Becoming Hekatê

Becoming Hekatê

Alone in my cave I hear Persephone scream
as the veil between upper and lower worlds lift.
I alone bear witness to her being dragged down,
deep into the dirt and desolation of Hades,
leaving Demeter to face the empty cradle alone.

A necessary cut; their separation and my return
as a dark feminine nature descends over all.
I alone stand guard over Mother and Maiden,
protecting them in their darkest moments,
all the while crowing as I become Hekatê.

A blessed trinity: Maiden, Mother and Crone.
A natural Witch, looking three ways at once.
Demeter reveals to me how she withheld
her bounty, so that others would think thrice
before ever presuming on my good nature.

The loss of virtue and innocence must come
as Persephone readies herself for initiation,
while I talk boundaries and establish Seasons.
Three goddesses stir this pagan’s cauldron.
The dogs howl. I sit and guard the moon.

Copyright © Deborah Gregory 2014
Image credit: Unknown

12 thoughts on “Becoming Hekatê

  1. I love this, Deborah. I didn’t write about the Triple Hecate because the earliest versions of her were single–but even more her triple nature took me off in a direction that didn’t suit my purpose in a blog about facing mortality. But there’s another piece to be written about Hecate. Such innocence in naming maiden, mother, and crone, but that cycle is full of deaths and rebirths. Innocence lost along with “virtue.”

    1. Thank you so much Elaine for this wonderful comment and your beautiful, inspiring blog post today! I love this goddess so much, she inspires me like no other at this moment in my life. A succession of deaths and rebirths indeed and transformations that are far from easy to bear. Much gratitude to you my dear friend for being a bright light, and starry beacon in my life. An ember of you will glow in my heart forever! Blessings always, Deborah.

    1. Thank you so much Bathsheba for your wonderful comment, much appreciated. Deep at heart, I love to believe we’re all nature lovers. xxx

  2. I’ve found that women in their forties spend time reviewing their lives, then the storms of menopause, emerging into krone’s wisdom, where the goddesses emerge, and the spirits converge.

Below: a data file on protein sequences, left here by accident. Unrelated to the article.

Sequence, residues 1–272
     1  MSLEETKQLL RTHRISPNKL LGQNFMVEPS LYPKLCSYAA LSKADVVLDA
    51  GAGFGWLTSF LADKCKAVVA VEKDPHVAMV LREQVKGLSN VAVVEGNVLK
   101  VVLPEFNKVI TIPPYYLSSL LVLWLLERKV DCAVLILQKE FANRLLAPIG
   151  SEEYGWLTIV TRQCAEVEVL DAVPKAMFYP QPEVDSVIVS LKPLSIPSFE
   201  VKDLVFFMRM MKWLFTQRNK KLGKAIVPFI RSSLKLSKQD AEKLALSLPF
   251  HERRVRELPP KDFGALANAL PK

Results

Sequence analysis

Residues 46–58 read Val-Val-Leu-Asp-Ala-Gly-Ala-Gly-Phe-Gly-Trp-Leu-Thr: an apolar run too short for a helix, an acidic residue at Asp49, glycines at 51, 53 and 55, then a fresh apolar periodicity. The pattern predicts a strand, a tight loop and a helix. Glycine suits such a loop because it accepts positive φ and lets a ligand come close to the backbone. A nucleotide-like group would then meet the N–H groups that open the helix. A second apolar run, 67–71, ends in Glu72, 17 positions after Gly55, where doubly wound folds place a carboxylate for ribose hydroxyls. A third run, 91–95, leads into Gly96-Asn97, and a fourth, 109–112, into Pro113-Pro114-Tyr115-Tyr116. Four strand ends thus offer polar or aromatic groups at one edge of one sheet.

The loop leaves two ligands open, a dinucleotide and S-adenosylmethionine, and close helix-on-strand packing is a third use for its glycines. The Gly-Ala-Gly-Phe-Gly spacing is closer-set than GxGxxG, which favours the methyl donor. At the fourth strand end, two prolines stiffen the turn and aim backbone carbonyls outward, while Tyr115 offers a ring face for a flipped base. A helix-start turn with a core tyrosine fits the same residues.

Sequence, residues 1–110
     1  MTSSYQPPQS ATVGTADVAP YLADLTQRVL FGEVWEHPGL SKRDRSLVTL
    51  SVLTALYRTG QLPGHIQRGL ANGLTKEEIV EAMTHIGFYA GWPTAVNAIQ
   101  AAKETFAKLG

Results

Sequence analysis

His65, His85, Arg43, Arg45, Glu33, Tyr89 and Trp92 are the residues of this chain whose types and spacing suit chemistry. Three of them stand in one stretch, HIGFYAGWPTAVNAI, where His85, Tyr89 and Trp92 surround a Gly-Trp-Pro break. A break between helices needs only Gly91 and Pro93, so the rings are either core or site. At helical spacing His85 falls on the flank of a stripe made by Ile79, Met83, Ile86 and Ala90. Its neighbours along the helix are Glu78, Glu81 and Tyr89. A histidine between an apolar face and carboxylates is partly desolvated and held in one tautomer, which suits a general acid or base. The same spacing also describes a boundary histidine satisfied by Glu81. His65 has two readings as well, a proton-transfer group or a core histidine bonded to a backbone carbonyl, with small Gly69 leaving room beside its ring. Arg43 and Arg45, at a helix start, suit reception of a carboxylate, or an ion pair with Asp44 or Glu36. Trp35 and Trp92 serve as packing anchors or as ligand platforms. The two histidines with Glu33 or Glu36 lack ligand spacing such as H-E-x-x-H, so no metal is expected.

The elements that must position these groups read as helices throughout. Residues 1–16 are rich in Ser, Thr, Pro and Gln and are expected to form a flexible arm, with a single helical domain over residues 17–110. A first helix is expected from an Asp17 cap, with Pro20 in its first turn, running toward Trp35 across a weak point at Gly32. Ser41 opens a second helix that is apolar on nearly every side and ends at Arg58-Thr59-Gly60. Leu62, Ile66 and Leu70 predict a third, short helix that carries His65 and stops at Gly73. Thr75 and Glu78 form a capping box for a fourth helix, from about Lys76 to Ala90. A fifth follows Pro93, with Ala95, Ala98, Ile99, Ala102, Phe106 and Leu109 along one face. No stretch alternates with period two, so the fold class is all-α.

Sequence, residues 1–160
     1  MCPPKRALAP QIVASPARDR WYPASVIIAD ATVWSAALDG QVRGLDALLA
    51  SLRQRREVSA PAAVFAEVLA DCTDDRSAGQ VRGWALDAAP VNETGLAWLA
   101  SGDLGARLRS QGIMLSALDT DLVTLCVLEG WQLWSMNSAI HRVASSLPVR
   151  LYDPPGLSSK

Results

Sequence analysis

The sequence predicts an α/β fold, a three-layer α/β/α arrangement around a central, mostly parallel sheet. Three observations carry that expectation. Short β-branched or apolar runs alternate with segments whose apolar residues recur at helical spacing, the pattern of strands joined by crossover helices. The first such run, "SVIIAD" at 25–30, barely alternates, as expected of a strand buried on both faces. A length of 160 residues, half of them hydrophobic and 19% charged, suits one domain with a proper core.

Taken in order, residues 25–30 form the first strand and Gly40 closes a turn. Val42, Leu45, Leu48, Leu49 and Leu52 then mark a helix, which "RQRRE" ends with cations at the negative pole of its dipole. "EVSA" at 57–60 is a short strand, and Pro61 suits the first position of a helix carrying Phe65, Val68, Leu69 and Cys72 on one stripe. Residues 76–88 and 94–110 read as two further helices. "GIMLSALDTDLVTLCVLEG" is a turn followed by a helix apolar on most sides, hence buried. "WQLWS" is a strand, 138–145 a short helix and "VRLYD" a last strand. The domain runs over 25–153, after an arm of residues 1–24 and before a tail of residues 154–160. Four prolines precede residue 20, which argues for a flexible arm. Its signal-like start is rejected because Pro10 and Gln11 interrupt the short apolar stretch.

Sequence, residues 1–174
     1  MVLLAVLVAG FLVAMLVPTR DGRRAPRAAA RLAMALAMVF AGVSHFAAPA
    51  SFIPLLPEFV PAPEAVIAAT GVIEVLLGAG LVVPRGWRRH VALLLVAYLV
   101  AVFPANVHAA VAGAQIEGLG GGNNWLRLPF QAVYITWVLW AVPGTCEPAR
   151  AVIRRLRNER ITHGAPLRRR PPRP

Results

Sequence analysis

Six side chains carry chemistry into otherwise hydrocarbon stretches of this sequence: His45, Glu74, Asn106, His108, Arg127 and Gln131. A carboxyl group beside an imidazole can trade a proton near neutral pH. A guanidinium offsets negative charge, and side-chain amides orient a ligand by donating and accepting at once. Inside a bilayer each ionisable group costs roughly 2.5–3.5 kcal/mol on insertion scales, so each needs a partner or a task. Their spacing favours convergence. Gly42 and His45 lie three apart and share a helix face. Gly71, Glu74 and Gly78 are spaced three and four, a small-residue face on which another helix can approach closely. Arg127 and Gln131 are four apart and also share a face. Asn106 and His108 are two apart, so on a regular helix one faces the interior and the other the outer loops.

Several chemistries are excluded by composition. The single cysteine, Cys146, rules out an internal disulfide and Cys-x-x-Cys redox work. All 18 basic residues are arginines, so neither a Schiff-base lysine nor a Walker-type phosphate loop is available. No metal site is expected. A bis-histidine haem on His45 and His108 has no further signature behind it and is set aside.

you are in touch with the magic in our lives.

    1. Oh dear poet, how you throw my heart and soul up high! Thank you so much, I’m all emotional now and grinning like a Cheshire cat, perfect balance of emotions … Oh happy days! At present Hekate is one of my favourite goddesses. I love, love, love her dark, feminine nature and magick.

  3. Such a well written piece clarifying the transitions we go through to reach cronedom – I have to admit I was apprehensive of what my 50’s would bring me but now I see and revel in the wisdom that comes with age whilst enjoying the better things from my youth…and thank the goddess that I don’t have to face so many of the trials and tribulations we can encounter in our younger years again!! Your words bring the scene to life and I can see Hekate standing there stirring her cauldron.

    1. Thank you so much Sophia for your truly wonderful and thoughtful words. I have always enjoyed the Goddess myths, most especially the story of Persephone, Demeter and Hekate. I love what you say about ‘revelling in the wisdom that comes with age’ and find this to be incredibly true as I enter my fifties. Today I find myself more excited than I have ever felt as a woman, there’s this ripening and richness that seems to be happening within. On the last comment I left a link to a great article you may enjoy … ‘The Wise Woman’s Way’ by Linda Savage.

  4. Growing older moving from Motherhood to Cronedom!!
    “A natural witch, looking three ways at once.” this line really explains it to me…
    I think this transition is fought vigorously by many women today who cling on to Maidenhood well into their forties and beyond. Great writing, a great poem Deborah! 🙂

    1. Thank you so much Claire for your wonderful support of my poetry, truly appreciated! Recently I read this … ‘In the Native American tradition, a woman is not [considered] fully grown until she reaches the age of 52.’ Today some women look forward to this age, others dread it, yet this is the age according to ancient tradition, that women become ‘Wise Women’ according to author Linda Savage (love her surname so fitting!).

      Personally, learning to ‘look three ways at once’ is key … for if I chose to relinquish my inner ‘Persephone’ and ‘Demeter’ it wouldn’t be a self-loving act as these rich archetypes have developed within for many years. It is, I believe, in the meeting of Hekate at the crossroads of a woman’s life and connecting with her wisdom and deep magick that the croning years can successfully begin … moving us ever closer towards becoming those ‘Wise Women.’

      1. Ahh! holding on to Maiden and Motherhood is not a bad thing to do! At 36 I cannot contemplate the Crone but I know she is coming!!! I understand better now. 🙂

        1. Indeed, Persephone and Demeter serve us well and richly so. Much love dear poet, blessings, Deborah. 🙂

          Edit: ‘The Wise Woman’s Way’ [pdf] by Linda Savage can be found on her website http://www.goddesstherapy.com in the section marked ‘Articles and Newsletters’ … happy reading one and all!

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